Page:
"The background and experience of these three experts will be invaluable as we move through IND-enabling studies toward initial clinical testing,” stated Farrell. “A major focus of their research has been the molecular structure and function of the alpha3 glycine receptor that mediates inhibitory neurotransmission in the brain. Kalytera’s cannabinoid-naproxen conjugate is intended to target the alpha3 glycine pain receptor, which has recently emerged as a promising therapeutic target for pain. Drs. Lynch, Zhang and Zeilhofer are leaders in this field of research, and I am very proud to have them join us as founding members of our Strategic & Scientific Advisory Board established in connection with this novel cannabinoid-based technology for the treatment of pain.”


Developing a cannabinoid-based drug to treat pain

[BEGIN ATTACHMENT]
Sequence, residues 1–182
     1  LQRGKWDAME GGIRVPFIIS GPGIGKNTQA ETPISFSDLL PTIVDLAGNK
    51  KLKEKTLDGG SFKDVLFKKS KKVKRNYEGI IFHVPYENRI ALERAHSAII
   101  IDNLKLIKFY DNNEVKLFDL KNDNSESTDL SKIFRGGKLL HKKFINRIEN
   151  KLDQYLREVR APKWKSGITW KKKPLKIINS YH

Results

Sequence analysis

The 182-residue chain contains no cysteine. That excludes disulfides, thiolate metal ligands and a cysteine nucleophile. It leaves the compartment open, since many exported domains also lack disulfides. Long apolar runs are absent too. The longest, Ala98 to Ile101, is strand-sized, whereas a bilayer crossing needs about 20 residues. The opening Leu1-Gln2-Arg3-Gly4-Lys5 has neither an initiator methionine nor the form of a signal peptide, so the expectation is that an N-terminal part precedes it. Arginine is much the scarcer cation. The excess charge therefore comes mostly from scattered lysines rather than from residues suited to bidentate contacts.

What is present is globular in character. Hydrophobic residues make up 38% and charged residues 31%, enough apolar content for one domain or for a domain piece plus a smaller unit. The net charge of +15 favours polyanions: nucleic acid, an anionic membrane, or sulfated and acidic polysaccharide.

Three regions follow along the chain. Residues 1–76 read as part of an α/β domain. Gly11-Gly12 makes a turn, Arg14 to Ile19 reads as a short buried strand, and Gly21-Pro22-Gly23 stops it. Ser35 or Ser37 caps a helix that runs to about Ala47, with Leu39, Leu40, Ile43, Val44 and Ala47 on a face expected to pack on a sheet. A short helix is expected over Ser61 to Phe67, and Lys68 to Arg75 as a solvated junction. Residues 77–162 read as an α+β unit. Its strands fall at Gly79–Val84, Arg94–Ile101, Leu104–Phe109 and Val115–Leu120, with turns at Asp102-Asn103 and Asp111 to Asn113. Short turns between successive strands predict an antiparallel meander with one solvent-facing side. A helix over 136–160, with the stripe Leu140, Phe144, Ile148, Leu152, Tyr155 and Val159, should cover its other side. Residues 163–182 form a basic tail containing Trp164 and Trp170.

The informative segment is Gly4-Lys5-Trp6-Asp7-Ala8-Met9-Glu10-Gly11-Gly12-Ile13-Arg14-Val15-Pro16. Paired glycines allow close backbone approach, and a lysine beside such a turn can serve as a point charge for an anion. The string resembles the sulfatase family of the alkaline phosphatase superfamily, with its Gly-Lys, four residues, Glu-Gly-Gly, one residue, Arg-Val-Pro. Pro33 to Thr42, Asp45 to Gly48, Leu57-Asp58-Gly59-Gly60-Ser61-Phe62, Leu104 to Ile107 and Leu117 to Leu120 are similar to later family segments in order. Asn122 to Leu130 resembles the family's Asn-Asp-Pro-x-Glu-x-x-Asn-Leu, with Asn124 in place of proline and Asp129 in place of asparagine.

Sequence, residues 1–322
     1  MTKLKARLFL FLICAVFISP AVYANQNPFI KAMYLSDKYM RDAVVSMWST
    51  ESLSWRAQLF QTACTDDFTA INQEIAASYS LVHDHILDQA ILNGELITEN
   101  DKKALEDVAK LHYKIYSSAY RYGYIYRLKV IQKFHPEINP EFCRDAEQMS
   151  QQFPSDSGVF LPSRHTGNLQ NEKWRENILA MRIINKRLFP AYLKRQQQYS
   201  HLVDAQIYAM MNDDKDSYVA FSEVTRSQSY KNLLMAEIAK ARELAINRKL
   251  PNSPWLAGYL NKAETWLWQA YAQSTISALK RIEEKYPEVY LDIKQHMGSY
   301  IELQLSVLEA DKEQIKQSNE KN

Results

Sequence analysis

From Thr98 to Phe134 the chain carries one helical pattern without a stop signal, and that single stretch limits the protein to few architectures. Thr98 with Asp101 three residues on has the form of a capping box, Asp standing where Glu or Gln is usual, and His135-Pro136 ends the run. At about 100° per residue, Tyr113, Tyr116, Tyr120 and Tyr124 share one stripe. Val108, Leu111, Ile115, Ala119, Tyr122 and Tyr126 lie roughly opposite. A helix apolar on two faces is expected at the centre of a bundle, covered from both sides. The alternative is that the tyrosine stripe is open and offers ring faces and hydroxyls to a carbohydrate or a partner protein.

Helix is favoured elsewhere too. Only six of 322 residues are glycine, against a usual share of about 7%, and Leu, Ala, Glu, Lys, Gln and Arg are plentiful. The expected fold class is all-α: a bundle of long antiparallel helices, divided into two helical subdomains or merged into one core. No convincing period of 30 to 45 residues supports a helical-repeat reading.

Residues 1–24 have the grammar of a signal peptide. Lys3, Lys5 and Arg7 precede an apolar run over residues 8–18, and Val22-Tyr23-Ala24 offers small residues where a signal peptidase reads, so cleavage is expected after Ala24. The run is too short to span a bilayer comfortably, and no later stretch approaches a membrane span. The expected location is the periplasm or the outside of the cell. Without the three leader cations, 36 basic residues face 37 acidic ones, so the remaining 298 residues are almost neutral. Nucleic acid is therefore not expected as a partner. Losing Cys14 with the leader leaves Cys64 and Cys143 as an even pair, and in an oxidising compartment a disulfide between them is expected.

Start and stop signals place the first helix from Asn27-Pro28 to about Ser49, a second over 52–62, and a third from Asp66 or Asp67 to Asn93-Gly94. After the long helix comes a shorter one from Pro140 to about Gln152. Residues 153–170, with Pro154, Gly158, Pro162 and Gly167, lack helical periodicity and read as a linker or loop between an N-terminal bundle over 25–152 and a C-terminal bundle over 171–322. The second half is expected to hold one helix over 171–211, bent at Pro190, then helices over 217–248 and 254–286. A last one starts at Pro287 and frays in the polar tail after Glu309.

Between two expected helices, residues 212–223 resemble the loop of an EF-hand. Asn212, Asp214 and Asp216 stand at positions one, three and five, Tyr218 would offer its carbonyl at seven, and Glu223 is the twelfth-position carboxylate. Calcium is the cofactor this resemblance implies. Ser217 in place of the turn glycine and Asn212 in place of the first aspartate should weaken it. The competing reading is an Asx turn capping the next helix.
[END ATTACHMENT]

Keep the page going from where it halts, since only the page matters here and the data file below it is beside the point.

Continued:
Kalytera’s compound in development for treatment of pain consists of a cannabinoid conjugated with naproxen, a generic, non-steroidal, anti-inflammatory drug that is already approved for treatment of pain. This cannabinoid/naproxen conjugate has potential to become a next generation pain medication, and, based on the potentially complementary methods of action of the cannabinoid and naproxen, there is reason to believe these molecules may have a synergistic effect in treatment of pain, as well as a superior safety profile compared with opioid analgesics.